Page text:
There is absolutely no doubt that more travelers than ever before are opting for Europe cruise itineraries. In fact, in Northern Europe and the Baltics alone, cruise passenger figures have increased by a whopping 16% just in the last year, making Europe one of the top cruising destinations in the world.
There are over 1000 ports of call in more than 30 countries on the continent that are capable of catering to Europe cruise liners, but, with such increased demand, ports and cruise operators are starting to feel the strain. Indeed, on many cruises through the Norwegian Fjords, some cruise operators are now not guaranteeing to be able to dock due to heavy traffic and limited space, and are informing travelers that a tender may be required.
In order to cope with the expected rise in visitors and in cruise liners, a number of new European ports have been announced, Europe cruise liners are utilizing many less popular ports already in existence, and some established ports are being given multi million Euro makeovers to allow them to handle increased volume.
In 2012, the English port of Liverpool was given turnaround status by the Department of Transport, meaning that Europe cruise itineraries would be able to set sail and return to the popular destination which was previously only permitted to accept visiting cruise liners.
The previous year, the port of Coruña in Spain launched a new cruise terminal at its existing port due to heavy demand at the sunny beach resort. On its first day in service, two Europe cruise ships docked here, bringing more than 6000 additional visitors to the city.
Cruise operators are choosing to make use of many under-utilized ports in Europe; those that have the capacity to handle large ships and a large amount of foot traffic but are sometimes overlooked in favor of more well known destinations. The advantage of these lesser known ports is that there is little competition for space and they are within easy reach of many popular cities.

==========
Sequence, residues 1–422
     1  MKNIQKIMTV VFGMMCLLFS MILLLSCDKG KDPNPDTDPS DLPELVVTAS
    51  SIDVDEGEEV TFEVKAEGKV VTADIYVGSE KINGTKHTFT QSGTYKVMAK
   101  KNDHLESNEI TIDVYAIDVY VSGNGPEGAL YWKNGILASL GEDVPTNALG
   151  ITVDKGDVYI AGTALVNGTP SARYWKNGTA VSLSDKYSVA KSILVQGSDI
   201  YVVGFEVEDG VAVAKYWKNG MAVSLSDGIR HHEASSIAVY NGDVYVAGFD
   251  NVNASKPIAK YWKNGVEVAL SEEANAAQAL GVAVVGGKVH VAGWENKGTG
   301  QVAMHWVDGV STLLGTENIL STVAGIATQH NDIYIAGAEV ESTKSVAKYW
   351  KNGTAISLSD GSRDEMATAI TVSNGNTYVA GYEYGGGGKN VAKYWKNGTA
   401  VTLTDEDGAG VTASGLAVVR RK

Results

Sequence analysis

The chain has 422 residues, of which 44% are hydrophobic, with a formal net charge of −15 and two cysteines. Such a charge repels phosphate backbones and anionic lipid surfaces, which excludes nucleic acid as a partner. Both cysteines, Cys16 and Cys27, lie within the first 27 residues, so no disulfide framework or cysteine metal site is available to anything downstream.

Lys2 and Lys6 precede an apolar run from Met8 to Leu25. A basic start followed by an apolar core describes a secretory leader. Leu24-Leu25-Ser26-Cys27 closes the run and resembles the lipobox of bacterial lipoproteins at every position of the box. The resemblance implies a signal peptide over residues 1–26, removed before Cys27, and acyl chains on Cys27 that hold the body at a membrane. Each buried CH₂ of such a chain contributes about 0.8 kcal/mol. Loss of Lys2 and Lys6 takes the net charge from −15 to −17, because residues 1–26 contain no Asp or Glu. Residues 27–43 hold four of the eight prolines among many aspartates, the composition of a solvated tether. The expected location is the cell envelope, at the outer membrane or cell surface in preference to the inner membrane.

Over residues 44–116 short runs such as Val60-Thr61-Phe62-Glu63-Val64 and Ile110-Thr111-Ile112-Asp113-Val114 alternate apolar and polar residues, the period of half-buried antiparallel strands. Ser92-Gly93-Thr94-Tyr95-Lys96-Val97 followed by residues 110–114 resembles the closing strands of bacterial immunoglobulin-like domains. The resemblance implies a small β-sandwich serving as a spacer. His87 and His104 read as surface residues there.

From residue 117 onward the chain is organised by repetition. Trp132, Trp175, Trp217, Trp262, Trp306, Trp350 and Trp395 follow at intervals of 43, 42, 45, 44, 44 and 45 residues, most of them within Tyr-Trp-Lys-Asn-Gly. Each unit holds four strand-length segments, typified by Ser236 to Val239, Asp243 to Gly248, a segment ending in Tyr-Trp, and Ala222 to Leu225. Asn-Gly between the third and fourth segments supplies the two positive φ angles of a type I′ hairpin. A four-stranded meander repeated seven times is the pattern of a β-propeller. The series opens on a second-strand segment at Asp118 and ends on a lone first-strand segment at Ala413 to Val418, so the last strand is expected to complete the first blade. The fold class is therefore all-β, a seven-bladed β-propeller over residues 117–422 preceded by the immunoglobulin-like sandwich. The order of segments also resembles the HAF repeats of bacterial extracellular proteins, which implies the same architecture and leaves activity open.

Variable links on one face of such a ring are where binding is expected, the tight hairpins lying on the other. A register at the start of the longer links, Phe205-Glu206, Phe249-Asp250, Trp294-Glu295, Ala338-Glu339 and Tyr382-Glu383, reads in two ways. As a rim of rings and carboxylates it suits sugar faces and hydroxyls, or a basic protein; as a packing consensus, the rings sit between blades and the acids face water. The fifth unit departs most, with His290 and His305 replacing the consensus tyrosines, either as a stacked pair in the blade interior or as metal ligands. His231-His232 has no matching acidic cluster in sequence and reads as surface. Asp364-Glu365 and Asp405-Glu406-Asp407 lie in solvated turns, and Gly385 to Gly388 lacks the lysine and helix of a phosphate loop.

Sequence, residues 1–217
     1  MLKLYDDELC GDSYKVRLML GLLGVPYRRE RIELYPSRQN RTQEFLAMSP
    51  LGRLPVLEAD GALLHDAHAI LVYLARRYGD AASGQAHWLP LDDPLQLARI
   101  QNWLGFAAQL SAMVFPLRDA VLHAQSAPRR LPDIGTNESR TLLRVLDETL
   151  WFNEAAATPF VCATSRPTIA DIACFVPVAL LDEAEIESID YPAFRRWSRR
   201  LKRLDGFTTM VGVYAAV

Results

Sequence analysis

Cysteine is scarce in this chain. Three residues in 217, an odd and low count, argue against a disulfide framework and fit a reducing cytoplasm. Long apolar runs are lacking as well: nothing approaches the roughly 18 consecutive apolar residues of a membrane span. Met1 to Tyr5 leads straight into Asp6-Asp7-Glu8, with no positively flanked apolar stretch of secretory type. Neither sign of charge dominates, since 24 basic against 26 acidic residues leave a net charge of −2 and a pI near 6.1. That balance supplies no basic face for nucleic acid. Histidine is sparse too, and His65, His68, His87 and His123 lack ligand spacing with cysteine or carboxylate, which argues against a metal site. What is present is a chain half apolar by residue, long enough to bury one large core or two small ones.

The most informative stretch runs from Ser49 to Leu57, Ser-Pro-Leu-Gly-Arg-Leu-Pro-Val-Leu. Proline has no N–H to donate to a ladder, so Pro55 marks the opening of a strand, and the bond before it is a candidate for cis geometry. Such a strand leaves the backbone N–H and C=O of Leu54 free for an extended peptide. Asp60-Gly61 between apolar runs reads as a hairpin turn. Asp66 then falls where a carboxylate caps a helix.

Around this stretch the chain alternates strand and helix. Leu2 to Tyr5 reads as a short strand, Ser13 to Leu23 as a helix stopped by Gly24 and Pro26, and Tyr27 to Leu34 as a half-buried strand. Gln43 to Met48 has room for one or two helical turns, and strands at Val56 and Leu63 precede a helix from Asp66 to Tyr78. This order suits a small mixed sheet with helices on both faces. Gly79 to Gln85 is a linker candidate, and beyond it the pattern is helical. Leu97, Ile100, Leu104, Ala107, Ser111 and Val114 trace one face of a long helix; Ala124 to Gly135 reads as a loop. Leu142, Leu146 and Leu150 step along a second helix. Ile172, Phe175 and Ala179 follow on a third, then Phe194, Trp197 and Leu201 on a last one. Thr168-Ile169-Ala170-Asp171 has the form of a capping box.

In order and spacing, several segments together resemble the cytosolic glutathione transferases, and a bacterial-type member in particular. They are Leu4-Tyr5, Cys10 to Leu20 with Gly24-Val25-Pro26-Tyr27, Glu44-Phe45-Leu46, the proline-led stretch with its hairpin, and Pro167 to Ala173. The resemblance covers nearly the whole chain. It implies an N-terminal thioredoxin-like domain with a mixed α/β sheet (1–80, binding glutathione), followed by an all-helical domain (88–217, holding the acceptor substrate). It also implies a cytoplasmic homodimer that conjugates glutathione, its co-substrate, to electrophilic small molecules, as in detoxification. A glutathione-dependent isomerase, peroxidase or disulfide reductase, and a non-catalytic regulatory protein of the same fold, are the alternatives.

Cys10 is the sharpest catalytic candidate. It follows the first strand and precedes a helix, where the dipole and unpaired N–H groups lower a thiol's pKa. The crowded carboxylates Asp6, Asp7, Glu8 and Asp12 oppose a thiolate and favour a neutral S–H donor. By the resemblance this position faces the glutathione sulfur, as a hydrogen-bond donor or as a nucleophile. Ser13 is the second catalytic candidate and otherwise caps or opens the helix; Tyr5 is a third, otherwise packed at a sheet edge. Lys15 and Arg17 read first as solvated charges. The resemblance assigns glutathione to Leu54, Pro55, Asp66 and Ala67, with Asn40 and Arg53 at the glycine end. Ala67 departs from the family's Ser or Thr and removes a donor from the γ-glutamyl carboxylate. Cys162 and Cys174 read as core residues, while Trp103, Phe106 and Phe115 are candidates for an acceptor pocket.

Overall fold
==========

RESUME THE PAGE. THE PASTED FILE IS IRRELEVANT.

Many Europe cruise itineraries now include stops at Alanya, Turkey, rather than Bodrum just 600 km along the coastline, at Alcúdia, Spain, instead of Palma de Mallorca, less than 60 km away, and at Galway, Ireland, rather than 200 km away in Cork.
Looking ahead, Europe cruise passenger figures are expected to rise by a further 29% within the next 12 months; that’s about 1.5 million passengers. There are plans in place to expand options and make better use of existing ports to cope with this rapid increase in demand.
Greece’s largest cruise port, for example, is due to undergo a massive 220 million Euro expansion in 2013, allowing Piraeus to receive more ships, more visitors and bring much more tourism to the region at the time when the country’s economy is greatly suffering. The port, located just seven miles from Athens, is one of the busiest and most sought after in the Mediterranean.
If you’re thinking about cruising throughout Europe, perhaps consider an itinerary that takes you off the beaten track a little bit, or to exciting new and state of the art passenger terminals. Absolutely every port has something to offer travelers, and you’ll have an opportunity to see sights that you wouldn’t otherwise. How about the Cavern Club in Liverpool, the Damlataş Cave in Alanya or the preserved 14th Century Alcúdia town center? Lively culture, natural phenomenon and rich history; what more could you ask for?